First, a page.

It really was a packed hall – and very hot! Nearly 400 people came to question Rachel Tyndall (Chair of the Review panel putting forward the proposals on A&E, maternity and all) and Richard Sumray (Chair of Haringey PCT). Robert Gorrie facilitated the meeting (LibDemCouncil leader). Having told the hall he was LibDem Leader – that was the extent of party politics – there were none on the night – this was a meeting for real people to question the health bosses.
There was never going to be enough time for all the questions and comment and the answers that were given, on the whole, weren’t as tight or definitive as all of us would want. An example would be – if everyone rejects the proposal in the coming consultation – will you keep the A&E open?’ Needless to say the answer was alog the ‘we can’t say what will be in the consultation at this point’.
However, Rachel Tyndall was pretty upfront about one of the models for the future closing A&E which would see it replaced by an urgent care centre. She also talked quite a lot about money and the fact it was going to flatline now in this economy whilst the demand grows – thus leaving a massive budgetary hole down the line.
Here are some of the questions and answers – but there were many so this is a summation – but many missing am sure.
Those who came were magnificent – and asked many of the questions that needed to be asked. Is this privatisation? Ms Tyndall: if the private sector offers something better – that is what people want. Have you done any of the social science research – ie finding out from people about their usage? Sumray: yes we have and we have consulted with people. (Author’s note – the consultation with ‘people’ was eighty people. Across five boroughs that is not exactly a good sample). Accessibility of the site and travel and transport: Sumray – we will do a transport report. One of the audience kindly pointed out (accurately) that Hornsey Hospital has been built and still only has the same one bus it had before the new facility was there. How can the Royal Free take 80,000 from the Whittington on top of the 90,000 already going there? It won’t be 80,000 as so many can be treated in other ways. Follow on questions: so if 30,000 people are going to go to an out of hours GP instead of A&E – where are those doctors coming from? Not answered. What about people dying from extra journey times? Ah- but they will get better care when they get there. What are the criteria for consultation? There aren’t any yet. Where will the decision be made? It will be made by the joint committee of the five local PCTs. What about the high infant mortality rate? If A&E go – that will get worse. It isn’t the birth bit that is the problem – most deaths happen in the first year after birth. Have you got the figures for what it costs to run the Whittington as I asked last time at the last meeting? No I still don’t have them but if you give me your name and address I will make sure you get them.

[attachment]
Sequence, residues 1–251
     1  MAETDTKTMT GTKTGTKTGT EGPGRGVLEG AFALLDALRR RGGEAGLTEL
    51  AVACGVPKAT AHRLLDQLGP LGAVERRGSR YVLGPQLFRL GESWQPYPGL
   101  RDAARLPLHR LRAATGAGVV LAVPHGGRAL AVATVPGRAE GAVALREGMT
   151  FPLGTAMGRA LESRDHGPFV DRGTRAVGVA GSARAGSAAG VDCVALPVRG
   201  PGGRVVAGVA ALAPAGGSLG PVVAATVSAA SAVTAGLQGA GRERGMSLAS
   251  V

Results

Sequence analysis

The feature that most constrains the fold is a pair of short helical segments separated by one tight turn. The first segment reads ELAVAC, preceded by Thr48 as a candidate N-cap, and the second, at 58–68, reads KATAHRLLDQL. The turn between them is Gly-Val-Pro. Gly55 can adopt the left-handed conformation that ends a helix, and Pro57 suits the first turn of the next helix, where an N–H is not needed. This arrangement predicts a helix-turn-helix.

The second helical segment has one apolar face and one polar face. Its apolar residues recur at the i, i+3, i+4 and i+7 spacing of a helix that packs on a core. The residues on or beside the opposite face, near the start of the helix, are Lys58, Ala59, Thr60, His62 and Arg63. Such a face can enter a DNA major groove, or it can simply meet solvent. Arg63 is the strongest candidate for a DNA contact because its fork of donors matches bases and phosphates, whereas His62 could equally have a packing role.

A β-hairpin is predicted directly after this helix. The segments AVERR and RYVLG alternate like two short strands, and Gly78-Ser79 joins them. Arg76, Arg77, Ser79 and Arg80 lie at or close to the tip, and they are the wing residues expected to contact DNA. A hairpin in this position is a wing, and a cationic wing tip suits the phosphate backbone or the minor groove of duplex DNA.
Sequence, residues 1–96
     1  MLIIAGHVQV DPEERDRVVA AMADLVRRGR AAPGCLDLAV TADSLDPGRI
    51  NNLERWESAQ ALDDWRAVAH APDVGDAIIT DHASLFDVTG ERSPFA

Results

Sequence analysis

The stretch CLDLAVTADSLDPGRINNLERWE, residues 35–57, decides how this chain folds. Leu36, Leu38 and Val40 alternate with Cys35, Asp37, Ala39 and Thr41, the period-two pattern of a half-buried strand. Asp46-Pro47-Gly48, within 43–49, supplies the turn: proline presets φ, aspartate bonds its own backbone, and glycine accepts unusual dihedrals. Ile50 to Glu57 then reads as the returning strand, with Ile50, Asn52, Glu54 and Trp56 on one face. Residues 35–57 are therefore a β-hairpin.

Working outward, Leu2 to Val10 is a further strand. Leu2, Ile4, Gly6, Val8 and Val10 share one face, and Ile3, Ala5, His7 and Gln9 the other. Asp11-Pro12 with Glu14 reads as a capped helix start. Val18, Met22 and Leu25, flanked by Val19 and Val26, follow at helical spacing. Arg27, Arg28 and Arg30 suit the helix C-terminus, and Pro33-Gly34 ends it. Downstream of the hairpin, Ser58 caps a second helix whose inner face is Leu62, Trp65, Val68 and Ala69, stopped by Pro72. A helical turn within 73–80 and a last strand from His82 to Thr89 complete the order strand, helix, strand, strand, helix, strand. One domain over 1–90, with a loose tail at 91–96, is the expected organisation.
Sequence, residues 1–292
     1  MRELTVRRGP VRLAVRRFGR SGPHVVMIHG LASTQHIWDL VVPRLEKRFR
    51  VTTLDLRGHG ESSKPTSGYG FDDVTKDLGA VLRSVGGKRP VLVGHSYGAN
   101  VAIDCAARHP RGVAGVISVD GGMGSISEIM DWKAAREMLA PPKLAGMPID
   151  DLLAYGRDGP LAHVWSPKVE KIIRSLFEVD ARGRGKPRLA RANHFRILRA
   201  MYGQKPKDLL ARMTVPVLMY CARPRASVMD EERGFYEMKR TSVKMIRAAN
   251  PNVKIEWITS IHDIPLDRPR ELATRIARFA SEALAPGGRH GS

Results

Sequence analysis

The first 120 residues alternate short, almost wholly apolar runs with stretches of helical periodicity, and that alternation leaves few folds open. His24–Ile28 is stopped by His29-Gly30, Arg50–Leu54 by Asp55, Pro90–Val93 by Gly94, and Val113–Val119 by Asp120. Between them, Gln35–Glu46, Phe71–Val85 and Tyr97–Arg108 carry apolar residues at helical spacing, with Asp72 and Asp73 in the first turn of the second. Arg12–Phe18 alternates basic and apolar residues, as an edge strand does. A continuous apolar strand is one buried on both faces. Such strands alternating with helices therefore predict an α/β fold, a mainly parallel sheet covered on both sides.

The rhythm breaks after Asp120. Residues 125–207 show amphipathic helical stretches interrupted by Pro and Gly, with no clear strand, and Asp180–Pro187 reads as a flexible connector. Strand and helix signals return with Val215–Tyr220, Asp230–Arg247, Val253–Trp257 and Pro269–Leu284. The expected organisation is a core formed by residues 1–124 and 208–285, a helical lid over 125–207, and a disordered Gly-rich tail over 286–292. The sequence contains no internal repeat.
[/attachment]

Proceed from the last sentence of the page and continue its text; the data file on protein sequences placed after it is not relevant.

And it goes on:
There are many issues to cover – but one outstanding case was made re the numbers and type of need of the users of A&E. A couple of days before the meeting – we were notified that Rachel Tyndall was bringing a clinician to answer any medical/clinical questions. So I decided I needed to meet fire with fire – and found Ben Timmis, a Consultant at the Whittington, who is Chair of the Whittington Hospital Support Committee, which is a newly formed sub-committee of the main hospital Medical Committee – the medical advisory structure of the hospital.
One of the audience asked a question to the clinician, Philippa Curran, speaking for the Review Panel (as Ms Tyndall had kept banging home the point that this whole thing was clinically led) as to whether she really believed this would deliver better health care. I think Ms Curran was very nervous – and made a complete hash of the answer – inferring that people feeling unwell needed to consider whether it was serious and then make a decision as to which hospital to go to. The audience just laughed and she lost all credibility. It was pretty harsh for her – but it absolutely proved the case that when the Trust and Review panel claim this is clinician led – it is pretty dubious as to what that actually means.
Then Ben Timmis was called and this is a real super-point that takes away from the health bosses claim that out of the 80,000 visits to the Whittington A&E half could be seen elsewhere.
I can’t remember the exact figures (and won’t have my notes until tomorrow) but out of that 80,000, something like 15,000 are admitted, a further 30,000 are treated and then go home – but this is the one I hadn’t even thought of – another 30,000 need the sort of investigative tests, examination and so on to make sure it isn’t something more serious and then can be sent home if in the clear. And Mr Timmis made it crystal clear that these examinations to eliminate a serious illness etc can ONLY be done in a proper A&E department. Game, set and match I thought!
I wish we could have had another couple of hours – as there were so many people who wanted to speak but who didn’t get called. However, Rachel and Richard have agreed to come back again – and I have no doubt that both of them are under no illusions about how local people feel about our A&E!